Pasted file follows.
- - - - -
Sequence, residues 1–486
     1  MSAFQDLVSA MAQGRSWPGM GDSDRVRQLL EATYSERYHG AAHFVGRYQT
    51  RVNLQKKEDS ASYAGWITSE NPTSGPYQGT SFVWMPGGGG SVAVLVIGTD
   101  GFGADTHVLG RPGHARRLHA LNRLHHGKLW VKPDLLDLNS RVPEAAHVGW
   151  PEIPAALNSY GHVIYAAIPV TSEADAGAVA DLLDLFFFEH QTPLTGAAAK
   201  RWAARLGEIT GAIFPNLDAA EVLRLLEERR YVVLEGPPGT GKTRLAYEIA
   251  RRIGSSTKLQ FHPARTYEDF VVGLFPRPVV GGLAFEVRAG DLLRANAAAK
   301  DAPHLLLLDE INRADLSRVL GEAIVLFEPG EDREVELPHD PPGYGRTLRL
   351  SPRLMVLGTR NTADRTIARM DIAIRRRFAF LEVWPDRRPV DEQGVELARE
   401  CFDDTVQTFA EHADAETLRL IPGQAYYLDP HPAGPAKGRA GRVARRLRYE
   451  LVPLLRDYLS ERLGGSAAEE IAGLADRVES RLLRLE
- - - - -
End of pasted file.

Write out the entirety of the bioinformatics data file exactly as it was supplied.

Sequence, residues 1–486
     1  MSAFQDLVSA MAQGRSWPGM GDSDRVRQLL EATYSERYHG AAHFVGRYQT
    51  RVNLQKKEDS ASYAGWITSE NPTSGPYQGT SFVWMPGGGG SVAVLVIGTD
   101  GFGADTHVLG RPGHARRLHA LNRLHHGKLW VKPDLLDLNS RVPEAAHVGW
   151  PEIPAALNSY GHVIYAAIPV TSEADAGAVA DLLDLFFFEH QTPLTGAAAK
   201  RWAARLGEIT GAIFPNLDAA EVLRLLEERR YVVLEGPPGT GKTRLAYEIA
   251  RRIGSSTKLQ FHPARTYEDF VVGLFPRPVV GGLAFEVRAG DLLRANAAAK
   301  DAPHLLLLDE INRADLSRVL GEAIVLFEPG EDREVELPHD PPGYGRTLRL
   351  SPRLMVLGTR NTADRTIARM DIAIRRRFAF LEVWPDRRPV DEQGVELARE
   401  CFDDTVQTFA EHADAETLRL IPGQAYYLDP HPAGPAKGRA GRVARRLRYE
   451  LVPLLRDYLS ERLGGSAAEE IAGLADRVES RLLRLE